The Untold Story of How an Escaped Slave Helped Sir.

Sir Francis Drake was born sometime around 1540 as the son of a Puritan farmer. Drake taught himself navigation as the navigator of a small merchant vessel early in his career. He also served as an officer aboard a West African slave vessel. In 1567, Drake and his cousin, John Hawkins, were attacked by a Spanish ship in the Gulf of Mexico. The Spaniards took all of their sea vessels, though they allowed Drake and Hawkins to escape with their lives. At the time, the Spaniards had no idea that failing to kill Drake would prove so costly to the entire Spanish Empire. From that point on, Drake developed a hatred for Catholic Spaniards and devised plans to seek revenge.

In 1572, Queen Elizabeth commissioned Drake to work as a privateer in attacking Spanish ports and shipping. Drake left England for the Caribbean Sea with two ships and 73 sailors. After an unsuccessful attempt to attack the Spaniards in present-day Nicaragua, Drake formulated new plans to attack a Spanish vessel carrying hoards of gold brought back from Mexico. After successfully heisting the gold, he then sailed back to England and brought the spoils back to Queen Elizabeth. Queen Elizabeth promptly appointed Drake as the leader of an expedition to sail around (circumnavigate) the world. As part of the circumnavigation, Drake made further plans to plunder Spanish interests.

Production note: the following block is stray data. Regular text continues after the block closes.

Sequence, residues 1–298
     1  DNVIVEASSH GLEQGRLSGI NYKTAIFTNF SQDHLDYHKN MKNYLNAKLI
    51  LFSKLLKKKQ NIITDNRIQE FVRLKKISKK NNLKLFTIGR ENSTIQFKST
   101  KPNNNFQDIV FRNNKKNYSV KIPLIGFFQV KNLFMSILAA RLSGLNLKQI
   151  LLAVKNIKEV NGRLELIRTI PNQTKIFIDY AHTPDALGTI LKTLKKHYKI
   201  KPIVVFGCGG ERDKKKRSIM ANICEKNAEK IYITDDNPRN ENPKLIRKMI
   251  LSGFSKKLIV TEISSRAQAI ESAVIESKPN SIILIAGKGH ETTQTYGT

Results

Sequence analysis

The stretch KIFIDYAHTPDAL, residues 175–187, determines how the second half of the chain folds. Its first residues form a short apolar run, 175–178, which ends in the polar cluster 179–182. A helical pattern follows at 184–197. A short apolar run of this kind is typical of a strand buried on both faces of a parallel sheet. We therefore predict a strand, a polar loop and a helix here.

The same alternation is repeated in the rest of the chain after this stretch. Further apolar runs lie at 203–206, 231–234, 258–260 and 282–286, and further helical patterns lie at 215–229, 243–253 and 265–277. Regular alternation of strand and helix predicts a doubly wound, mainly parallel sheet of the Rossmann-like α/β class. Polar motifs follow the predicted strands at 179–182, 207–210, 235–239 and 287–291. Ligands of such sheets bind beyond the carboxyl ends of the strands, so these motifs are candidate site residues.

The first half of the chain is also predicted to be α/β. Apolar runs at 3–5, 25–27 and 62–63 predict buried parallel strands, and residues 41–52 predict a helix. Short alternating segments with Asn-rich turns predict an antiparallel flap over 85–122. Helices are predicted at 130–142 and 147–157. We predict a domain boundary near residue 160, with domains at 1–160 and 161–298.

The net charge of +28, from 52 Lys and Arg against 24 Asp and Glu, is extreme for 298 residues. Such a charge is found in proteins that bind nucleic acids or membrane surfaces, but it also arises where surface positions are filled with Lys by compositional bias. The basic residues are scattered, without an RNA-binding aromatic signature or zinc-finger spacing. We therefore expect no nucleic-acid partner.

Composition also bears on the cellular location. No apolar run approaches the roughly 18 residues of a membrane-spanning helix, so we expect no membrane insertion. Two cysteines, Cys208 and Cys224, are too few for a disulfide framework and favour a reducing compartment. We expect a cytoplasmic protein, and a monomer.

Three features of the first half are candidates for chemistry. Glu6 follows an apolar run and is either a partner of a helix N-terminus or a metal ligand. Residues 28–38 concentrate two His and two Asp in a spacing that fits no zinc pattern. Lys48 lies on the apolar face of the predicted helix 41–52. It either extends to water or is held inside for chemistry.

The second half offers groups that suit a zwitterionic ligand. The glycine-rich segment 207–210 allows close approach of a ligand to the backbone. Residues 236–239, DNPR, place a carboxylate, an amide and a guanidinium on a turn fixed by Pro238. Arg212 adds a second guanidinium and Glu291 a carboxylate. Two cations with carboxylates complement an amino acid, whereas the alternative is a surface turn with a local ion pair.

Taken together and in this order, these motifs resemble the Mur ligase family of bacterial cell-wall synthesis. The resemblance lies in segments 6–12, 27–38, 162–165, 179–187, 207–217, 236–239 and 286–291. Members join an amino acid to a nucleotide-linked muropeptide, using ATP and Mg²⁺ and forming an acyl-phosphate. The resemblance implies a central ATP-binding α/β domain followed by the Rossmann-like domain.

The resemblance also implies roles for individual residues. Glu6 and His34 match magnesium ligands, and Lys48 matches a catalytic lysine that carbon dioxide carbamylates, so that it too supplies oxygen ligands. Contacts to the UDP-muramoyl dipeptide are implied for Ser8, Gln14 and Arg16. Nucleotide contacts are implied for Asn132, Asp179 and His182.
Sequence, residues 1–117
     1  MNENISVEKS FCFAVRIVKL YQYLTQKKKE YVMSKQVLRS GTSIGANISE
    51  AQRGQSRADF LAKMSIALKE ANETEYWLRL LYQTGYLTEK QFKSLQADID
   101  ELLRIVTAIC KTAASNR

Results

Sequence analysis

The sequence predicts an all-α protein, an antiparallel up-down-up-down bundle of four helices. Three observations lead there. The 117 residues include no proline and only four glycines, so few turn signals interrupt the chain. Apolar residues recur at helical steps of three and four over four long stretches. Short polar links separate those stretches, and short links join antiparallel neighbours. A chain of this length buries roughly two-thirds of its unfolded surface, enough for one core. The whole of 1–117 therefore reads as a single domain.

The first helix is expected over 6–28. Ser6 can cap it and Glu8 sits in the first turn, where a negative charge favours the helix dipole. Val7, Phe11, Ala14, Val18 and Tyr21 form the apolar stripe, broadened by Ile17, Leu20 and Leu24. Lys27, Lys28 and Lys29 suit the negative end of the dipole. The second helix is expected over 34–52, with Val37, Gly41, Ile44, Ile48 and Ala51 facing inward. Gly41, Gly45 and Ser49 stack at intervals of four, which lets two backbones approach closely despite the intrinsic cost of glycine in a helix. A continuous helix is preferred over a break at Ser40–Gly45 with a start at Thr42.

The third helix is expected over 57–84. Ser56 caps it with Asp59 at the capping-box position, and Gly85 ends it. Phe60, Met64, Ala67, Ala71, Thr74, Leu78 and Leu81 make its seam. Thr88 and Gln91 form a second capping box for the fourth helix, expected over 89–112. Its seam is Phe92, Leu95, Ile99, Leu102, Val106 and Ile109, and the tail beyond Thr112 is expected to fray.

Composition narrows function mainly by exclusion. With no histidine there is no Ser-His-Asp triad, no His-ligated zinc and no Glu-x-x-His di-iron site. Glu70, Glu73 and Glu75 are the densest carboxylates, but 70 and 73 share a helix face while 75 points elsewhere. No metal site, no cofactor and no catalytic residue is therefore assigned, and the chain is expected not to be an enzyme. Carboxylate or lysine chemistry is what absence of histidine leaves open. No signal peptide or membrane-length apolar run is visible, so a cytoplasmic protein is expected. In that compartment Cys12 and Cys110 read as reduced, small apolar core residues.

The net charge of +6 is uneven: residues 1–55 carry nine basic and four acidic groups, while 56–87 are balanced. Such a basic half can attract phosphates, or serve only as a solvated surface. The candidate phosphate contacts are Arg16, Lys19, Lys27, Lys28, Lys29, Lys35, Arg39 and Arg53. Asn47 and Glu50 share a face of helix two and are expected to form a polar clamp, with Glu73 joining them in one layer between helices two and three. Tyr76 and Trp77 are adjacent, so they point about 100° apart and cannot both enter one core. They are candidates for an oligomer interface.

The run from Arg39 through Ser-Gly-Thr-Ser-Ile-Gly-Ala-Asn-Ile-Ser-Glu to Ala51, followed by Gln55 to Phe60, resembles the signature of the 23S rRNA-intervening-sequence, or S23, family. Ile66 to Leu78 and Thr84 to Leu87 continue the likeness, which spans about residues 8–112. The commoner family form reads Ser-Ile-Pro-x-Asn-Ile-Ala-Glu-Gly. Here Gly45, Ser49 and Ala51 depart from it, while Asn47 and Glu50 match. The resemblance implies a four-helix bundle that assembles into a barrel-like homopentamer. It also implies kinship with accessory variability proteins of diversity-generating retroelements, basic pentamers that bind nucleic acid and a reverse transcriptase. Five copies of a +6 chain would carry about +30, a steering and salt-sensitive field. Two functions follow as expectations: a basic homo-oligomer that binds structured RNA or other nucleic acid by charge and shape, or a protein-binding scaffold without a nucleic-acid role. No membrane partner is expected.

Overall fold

On December 17, 1577, Drake left England with three ships and two supply ships and started his circumnavigation. The voyage got off to a poor start. Terrible weather prompted some of the crew to stage a mutiny (to take over the ship). The mutiny was unsuccessful, and when Drake reached the west coast of South America, he had the leader of the mutiny, Thomas Doughty, beheaded.